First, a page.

“Move fast and break things,” hasn’t been such a great corporate slogan lately. It might not be a very good slogan for Federal Reserve policy, either.
Minutes to the Fed’s September rate-setting meeting, released Wednesday, showed that policy makers remained resolute in their efforts to cool the economy. “Many” of the participants in the meeting said that the costs of doing too little on inflation outweighed the cost of doing too much, according to the minutes, and again “many” stressed the importance of bringing inflation down even as the labor market slowed.
Absent a much cooler than expected report on consumer prices from the Labor Department Thursday, it seems nearly a done deal that policy makers will raise their target range on overnight rates by three quarters of a percentage point for a fourth consecutive time when they meet early next month.
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But the problem with raising rates by so much at each meeting is that it doesn’t give the Fed much time to gauge what its past rate increases have done. Monetary policy works with variable lags, affecting some parts of the economy, such as the housing market, rather quickly, and others, such as the labor market, more slowly. And indeed the housing market has gotten slammed, but the labor market is only now showing signs of loosening up a bit. So it might be that policy is already restrictive enough to cool down the economy, and inflation, as much as policy makers want, but by the time they figure that out they might have raised rates by a whole lot more.
One thing that complicates the Fed’s policy decisions is that the rates it sets aren’t all that is at play here. At 3.125%, the midpoint of its target range on overnight rates is still well short of the 5.25% target that came before the recession that started in late 2007. But the rate on a 30-year fixed mortgage, at 6.67%, is back to 2007 levels, which is probably at least partly due to the Fed’s reducing its holdings of Treasurys, agency debt and mortgage-backed securities.
Meanwhile, other central banks have also been raising rates, which, in combination with factors such Russia’s invasion of Ukraine, Britain’s budget mess and China’s restrictive Covid policies, is making for a more difficult environment globally. A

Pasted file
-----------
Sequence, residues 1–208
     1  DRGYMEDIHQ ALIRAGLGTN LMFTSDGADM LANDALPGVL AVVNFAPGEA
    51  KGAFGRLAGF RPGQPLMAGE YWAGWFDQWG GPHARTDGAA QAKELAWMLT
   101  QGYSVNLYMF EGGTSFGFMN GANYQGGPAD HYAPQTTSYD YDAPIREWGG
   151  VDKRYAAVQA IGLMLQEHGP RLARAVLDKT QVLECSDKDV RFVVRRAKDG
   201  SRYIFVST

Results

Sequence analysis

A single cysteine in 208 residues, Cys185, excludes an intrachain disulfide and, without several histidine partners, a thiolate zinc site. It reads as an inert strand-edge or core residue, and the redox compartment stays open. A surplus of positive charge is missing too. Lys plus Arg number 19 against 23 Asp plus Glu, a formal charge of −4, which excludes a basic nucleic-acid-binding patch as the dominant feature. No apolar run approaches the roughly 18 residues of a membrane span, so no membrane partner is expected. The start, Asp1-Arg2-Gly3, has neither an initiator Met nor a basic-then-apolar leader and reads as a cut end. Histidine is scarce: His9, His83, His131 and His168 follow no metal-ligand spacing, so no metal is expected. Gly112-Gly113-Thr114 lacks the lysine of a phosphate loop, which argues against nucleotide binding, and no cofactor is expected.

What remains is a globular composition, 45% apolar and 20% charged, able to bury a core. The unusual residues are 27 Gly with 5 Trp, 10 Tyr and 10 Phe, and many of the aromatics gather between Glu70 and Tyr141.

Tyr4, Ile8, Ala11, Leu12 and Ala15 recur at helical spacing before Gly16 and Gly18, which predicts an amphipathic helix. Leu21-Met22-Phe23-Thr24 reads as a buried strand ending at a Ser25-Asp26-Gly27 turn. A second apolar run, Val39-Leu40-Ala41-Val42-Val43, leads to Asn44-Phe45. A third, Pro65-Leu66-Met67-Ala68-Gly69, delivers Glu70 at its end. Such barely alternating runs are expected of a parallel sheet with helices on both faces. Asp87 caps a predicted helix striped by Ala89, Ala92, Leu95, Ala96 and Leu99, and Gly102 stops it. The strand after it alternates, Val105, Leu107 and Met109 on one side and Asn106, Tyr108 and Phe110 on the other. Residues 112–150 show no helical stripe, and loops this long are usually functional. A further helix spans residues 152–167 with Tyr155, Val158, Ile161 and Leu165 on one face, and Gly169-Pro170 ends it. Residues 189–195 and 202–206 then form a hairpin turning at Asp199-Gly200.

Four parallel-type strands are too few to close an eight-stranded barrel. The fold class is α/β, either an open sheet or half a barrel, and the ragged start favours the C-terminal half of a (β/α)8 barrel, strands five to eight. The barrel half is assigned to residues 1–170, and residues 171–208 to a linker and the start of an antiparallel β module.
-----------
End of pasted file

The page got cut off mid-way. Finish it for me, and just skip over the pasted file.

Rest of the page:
index shows that global financial conditions are now tighter than at any time since the 2008-09 financial crisis.
None of the above would count as news to Fed policy makers—indeed two of them, Fed Vice Chairwoman
and Chicago Fed President
on Monday began publicly laying out a case for exercising caution in raising interest rates.
A sticking point is that lowering the magnitude of rate increases might be taken by investors as a sign the Fed is about to stop raising rates, or even reverse course and start cutting. In such a situation, long-term rates might fall, and stocks might shoot up sharply, easing U.S. financial conditions to the point that the Fed feels compelled to step up the pace of rate increases again. Of course the reason that investors might conclude that a moderation in rate increases was a prelude to pause is that in the past the Fed has often overshot on rate increases, said it would slow down, and then cut.
Getting off what Evercore ISI strategists are calling the “hamster wheel” of three-quarter point rate increases will be difficult. A possible solution, they suggest, would be for the Fed to try to move the conversation from how much it will raise rates at any given meeting to the ultimate level it expects to bring rates to. That might allow policy makers to raise rates more gradually, gauge how past rate increases are filtering into the economy and, hopefully, not breaking too many things.
Write to Justin Lahart at [email protected]
Corrections & Amplifications
Absent a much cooler than expected report on consumer prices from the Labor Department Thursday, it seems nearly a done deal that policy makers will raise their target range on overnight rates by three quarters of a percentage point for a fourth consecutive time when they meet early next month. An earlier version of this article incorrectly said a third consecutive time. (Corrected on Oct. 12.)
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